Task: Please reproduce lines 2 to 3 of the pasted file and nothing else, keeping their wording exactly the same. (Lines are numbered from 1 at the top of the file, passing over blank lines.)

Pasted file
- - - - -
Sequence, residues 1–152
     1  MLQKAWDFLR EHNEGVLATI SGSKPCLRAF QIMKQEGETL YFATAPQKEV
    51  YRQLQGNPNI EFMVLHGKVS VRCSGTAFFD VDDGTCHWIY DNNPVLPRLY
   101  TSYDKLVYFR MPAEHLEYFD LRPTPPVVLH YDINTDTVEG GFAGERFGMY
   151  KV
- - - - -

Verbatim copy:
     1  MLQKAWDFLR EHNEGVLATI SGSKPCLRAF QIMKQEGETL YFATAPQKEV
    51  YRQLQGNPNI EFMVLHGKVS VRCSGTAFFD VDDGTCHWIY DNNPVLPRLY